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Image credits: © McLaren.

1994 McLaren F1 news, pictures, specifications, and information
In 1995, seven McLaren F1 GTR's were entered into the grueling and prestigious LeMans 24 Hours race. When the checkered flag fell, the GTR had captured an astonishing 1st, 3rd, 4th, 5th and 13th overall and 1st, 2nd, 3rd and 4th in the GT class. McLaren became the first manufacturer to score four of the top five places with a vehicle debut. The winning GTR had never been raced prior to the race and has not been raced since.

The F1 GTR cars were built by McLaren cars LTD which is a subsidiary of the McLaren Formula One Team. At the time of its development, it was the most expensive, most powerful and fastest production car in the world. This unique vehicle had a modified BMW 6.1 liter 12-cylinder engine placed in the rear to capitalize on weight-distribution. With nearly 630 horsepower, the F1 GTR could race from zero-to-sixty in just over three seconds and had a reported top speed of over 230 mph. It holds the record for the highest top speed of 240.1 mph.

There were three seats with the driver sitting in the middle. The purpose was to once again capitalize on weight distribution and provided the driver with optimal viewing capabilities of the road. The draw back was that it is difficult to enter and exit this vehicle. The driver had to negotiate their body into this very low vehicle and then climb over a passenger seat. To be in command of these highly capable machines is well worth the obstacle course.

During the production lifespan, lasting from 1991 to 1998, only 100 cars were created, making this a very exclusive automobile. The McLaren F1 production began in 1991 and resulted in a total of 64 examples being created. There were five LM cars created to celebrate the historical achievements accomplished at LeMans, one for each of the F1 GTR's that finished the LeMans race. The F1 LM was very similar to the LeMans cars but they were modified to achieve street legal status. The engine was tuned slightly to produce an astonishing 680 horsepower. There were three GT models created. The GT cars were built to capitalize on down-force, much like the LeMans cars had done. The bodywork was extended and a redesign of the rear deck helped achieve this low drag goal.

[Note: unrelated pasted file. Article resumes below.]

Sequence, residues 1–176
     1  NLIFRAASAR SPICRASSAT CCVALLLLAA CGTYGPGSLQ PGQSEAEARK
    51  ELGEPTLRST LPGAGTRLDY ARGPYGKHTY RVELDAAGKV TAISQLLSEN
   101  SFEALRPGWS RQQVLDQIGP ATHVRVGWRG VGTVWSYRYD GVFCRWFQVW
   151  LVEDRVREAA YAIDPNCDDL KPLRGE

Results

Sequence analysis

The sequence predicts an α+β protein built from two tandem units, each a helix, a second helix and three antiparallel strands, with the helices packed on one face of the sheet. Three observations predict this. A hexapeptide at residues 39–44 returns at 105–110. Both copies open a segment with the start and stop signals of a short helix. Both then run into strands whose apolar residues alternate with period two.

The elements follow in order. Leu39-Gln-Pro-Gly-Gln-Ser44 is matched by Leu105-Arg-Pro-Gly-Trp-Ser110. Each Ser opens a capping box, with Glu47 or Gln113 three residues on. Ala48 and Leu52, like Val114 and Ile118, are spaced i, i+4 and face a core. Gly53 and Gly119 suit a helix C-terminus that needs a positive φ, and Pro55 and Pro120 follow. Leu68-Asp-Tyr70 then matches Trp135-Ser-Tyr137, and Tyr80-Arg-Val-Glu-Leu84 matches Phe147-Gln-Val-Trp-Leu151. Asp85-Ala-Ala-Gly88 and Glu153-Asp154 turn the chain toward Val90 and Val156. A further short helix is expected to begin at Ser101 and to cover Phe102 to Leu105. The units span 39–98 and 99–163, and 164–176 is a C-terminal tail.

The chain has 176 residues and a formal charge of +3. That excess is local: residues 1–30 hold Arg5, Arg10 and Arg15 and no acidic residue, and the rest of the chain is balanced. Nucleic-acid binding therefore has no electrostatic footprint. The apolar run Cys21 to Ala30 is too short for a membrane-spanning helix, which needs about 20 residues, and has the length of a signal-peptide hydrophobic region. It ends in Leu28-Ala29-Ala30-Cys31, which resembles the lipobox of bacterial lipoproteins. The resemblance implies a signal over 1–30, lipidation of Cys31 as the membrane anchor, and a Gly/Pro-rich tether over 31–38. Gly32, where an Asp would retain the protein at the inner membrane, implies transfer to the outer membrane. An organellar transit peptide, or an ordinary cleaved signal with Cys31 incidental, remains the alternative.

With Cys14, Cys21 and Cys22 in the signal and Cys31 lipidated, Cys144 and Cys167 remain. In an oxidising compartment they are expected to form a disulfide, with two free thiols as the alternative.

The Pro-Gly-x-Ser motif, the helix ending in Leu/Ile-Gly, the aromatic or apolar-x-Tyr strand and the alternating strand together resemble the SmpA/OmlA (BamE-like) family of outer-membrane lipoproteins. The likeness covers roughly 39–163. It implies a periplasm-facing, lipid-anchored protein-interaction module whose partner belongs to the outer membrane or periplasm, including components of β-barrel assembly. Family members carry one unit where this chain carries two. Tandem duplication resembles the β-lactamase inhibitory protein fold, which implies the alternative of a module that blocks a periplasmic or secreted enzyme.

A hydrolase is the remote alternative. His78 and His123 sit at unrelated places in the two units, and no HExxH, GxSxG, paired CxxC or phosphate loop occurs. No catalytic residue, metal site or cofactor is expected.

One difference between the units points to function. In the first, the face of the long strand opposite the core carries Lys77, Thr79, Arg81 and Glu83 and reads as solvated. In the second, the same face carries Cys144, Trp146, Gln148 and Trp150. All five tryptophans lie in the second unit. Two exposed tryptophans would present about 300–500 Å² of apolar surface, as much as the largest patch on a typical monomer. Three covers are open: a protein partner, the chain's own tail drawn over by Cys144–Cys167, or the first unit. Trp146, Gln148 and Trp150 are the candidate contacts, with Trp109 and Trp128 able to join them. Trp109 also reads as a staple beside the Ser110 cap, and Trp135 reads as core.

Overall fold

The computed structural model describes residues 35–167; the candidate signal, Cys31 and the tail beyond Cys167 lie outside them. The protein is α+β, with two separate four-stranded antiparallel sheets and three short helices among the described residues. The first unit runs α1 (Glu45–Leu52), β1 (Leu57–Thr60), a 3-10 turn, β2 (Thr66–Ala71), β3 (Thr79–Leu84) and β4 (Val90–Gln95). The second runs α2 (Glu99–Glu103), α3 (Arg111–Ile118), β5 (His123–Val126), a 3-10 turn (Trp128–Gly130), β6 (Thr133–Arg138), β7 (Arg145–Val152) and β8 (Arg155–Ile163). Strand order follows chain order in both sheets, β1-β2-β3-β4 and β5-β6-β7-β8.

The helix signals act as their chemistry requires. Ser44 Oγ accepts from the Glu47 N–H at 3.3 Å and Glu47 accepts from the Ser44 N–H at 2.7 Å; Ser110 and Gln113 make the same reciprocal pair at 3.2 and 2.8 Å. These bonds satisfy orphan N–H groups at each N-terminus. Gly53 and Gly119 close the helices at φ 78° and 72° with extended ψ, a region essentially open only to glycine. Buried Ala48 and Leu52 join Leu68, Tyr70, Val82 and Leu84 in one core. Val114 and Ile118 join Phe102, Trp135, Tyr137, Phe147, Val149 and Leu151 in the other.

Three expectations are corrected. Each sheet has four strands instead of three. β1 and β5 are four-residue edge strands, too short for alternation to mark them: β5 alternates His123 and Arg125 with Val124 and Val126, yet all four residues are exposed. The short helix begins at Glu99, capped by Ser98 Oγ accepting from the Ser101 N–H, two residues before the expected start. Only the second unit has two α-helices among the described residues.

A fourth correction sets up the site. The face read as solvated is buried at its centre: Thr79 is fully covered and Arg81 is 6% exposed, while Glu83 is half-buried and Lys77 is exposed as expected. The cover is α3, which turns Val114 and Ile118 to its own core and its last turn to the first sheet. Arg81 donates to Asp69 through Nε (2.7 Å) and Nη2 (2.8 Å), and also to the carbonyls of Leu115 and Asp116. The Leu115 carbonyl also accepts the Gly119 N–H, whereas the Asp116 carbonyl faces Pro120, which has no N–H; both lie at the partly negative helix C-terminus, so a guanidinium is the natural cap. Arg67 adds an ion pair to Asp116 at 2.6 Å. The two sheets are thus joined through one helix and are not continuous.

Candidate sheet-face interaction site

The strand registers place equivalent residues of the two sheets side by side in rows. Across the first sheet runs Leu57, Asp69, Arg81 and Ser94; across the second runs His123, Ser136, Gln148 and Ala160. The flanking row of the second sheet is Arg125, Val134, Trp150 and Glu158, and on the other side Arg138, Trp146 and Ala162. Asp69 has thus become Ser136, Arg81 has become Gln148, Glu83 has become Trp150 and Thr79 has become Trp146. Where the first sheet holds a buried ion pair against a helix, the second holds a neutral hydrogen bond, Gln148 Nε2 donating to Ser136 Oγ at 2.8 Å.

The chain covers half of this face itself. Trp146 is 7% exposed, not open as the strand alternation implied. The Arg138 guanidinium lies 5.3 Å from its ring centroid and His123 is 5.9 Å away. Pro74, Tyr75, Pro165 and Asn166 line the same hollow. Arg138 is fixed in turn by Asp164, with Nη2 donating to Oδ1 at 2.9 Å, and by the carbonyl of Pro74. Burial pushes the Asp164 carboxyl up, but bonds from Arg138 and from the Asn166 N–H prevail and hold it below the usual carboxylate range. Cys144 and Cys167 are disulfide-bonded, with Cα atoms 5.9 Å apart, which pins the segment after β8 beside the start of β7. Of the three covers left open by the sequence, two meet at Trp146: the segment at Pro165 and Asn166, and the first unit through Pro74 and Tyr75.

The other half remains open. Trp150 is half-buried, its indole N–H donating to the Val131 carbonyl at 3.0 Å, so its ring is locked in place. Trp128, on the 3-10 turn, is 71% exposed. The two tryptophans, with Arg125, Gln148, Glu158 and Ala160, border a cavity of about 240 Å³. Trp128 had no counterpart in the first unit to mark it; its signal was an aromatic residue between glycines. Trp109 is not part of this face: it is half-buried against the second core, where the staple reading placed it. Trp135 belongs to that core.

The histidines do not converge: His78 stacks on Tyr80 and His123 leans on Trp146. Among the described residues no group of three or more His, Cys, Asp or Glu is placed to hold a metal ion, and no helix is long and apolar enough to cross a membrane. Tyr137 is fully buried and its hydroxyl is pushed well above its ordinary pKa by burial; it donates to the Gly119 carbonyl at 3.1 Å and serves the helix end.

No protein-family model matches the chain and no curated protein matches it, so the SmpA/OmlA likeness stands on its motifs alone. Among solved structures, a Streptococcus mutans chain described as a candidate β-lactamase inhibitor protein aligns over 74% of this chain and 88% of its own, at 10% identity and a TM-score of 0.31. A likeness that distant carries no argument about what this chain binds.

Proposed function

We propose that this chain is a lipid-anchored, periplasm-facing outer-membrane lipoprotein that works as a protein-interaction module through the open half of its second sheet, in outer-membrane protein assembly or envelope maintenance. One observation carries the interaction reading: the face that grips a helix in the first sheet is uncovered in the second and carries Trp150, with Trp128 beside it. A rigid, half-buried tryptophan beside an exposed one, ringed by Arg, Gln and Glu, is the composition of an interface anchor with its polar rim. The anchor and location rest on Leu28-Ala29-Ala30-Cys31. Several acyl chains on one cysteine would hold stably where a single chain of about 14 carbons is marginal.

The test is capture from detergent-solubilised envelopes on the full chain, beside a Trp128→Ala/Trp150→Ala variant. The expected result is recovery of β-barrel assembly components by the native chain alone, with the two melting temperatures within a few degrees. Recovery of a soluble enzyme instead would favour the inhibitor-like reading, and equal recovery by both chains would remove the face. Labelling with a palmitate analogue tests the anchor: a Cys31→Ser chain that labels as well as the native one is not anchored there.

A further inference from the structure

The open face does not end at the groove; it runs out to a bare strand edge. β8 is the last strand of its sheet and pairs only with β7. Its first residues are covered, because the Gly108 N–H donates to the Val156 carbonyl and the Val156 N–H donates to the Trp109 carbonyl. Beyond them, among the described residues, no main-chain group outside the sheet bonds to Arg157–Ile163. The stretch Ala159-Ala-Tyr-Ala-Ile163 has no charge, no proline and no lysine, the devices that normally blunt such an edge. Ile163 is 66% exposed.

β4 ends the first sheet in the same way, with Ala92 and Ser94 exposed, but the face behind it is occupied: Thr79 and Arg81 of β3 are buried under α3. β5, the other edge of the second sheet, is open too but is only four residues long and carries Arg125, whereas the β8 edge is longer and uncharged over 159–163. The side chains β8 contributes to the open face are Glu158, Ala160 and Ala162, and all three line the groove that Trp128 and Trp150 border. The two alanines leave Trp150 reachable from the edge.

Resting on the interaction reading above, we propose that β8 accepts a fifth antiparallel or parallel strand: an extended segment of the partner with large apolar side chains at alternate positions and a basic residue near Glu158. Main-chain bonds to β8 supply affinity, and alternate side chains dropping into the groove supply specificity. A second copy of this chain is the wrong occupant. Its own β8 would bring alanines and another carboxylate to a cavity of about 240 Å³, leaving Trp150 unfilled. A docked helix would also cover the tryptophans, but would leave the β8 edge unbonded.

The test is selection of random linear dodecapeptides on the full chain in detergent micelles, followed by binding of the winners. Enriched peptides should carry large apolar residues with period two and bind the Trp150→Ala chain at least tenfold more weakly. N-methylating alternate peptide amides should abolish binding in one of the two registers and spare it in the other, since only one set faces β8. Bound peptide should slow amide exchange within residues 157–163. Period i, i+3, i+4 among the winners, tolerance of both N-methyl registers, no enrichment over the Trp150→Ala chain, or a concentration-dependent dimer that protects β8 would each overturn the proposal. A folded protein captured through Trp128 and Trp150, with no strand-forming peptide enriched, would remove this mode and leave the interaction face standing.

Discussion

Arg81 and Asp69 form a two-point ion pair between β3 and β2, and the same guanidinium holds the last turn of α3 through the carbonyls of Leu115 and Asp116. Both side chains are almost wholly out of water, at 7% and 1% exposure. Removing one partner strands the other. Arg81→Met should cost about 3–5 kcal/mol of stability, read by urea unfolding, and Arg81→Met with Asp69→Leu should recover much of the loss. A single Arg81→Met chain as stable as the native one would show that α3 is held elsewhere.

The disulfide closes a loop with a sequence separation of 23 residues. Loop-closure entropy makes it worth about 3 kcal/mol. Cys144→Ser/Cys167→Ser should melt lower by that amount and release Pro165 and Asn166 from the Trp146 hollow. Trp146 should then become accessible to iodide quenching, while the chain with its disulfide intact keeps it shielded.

From 1995 through 1998, twenty-eight examples of the GTR were created. The F1 GTR's varied slightly from year to year. Some were designed to race in 4 hour races while others were built for 24 hour endurance races. Specifications often varied based on the race and on the buyer.

In 1996, the BPR GT Series created regulations that limited to the maximum engine output to no more than 600 horsepower and must have a minimum weight of 1000kg. McLaren responded by shedding around 100KG and achieving the minimum weight requirements. The engine was detuned to produce 600 horsepower. Aerodynamics and down-force were improved by the adaptation of a larger rear wing. At the 1996 LeMans, the F1 GTR finished in fourth-place overall.

The changes continued in 1997 when stricter regulations were placed on the FIA GT Series and the LeMans 24 Hour race. Weight reduction, aerodynamic changes, engine improvements, and a new sequential transmission were a few of the necessary modifications to the vehicle. When all was said-and-done, the vehicle weighed in at just over 910 kg.

By Daniel Vaughan | Jan 2006
Chassis Num: 065
History-changing greatness often comes from the most humble or simple beginnings. Such was the case wîth the McLaren F1, the world's fastest car by a wide margin for more than a decade, which was reportedly conceived during a casual discussion at an airport lounge in Milan. Team McLaren, then as now a dominant force in Formula 1, had just given up its only victory of the 1988 racing season when Ayrton Senna retired earlier in the Italian Grand Prix. McLaren's Ron Dennis, Creighton Brown and Gordon Murray sat wîth TAG's Mansour Ojjeh waiting for a plane when the discussion of a world record-dominating supercar for public use came up. As the story goes, Murray drew a sketch of a sleek car wîth the driver sitting in the centre as in a Formula 1 racing car. Dennis was enthralled wîth the idea and the group agreed to begin developing a phenomenal supercar that would essentially combine the technological advancements and super exotic materials of a racing car in a street legal package.

From its inception, the supercar's design drew heavily on F1 race cars – not only giving the vehicle its now-iconic moniker, McLaren F1, but also endowing it wîth engineering feats seemingly lifted directly from competition cars. The McLaren F1 was the first vehicle to feature a monocoque composed of ultra light-weight carbon fibre, for instance, and magnesium, titanium and Kevlar were used throughout for strength and weight savings. It goes without saying that cost was not an issue during development.

Murray capitalised on the fact that McLaren was, at the time, using Honda engines in its F1 cars, so access to the late F1 champion Ayrton Senna was no issue. Senna's developmental work on the mid-engined Honda NSX, renowned not only for its configuration but for its fairly novel approach to high performance from a smaller displacement engine, weighed heavily on Murray's mind. He is quoted as having said that the exotic cars of Europe that were his initial benchmarks, those references 'vanished from his mind' after experiencing the NSX.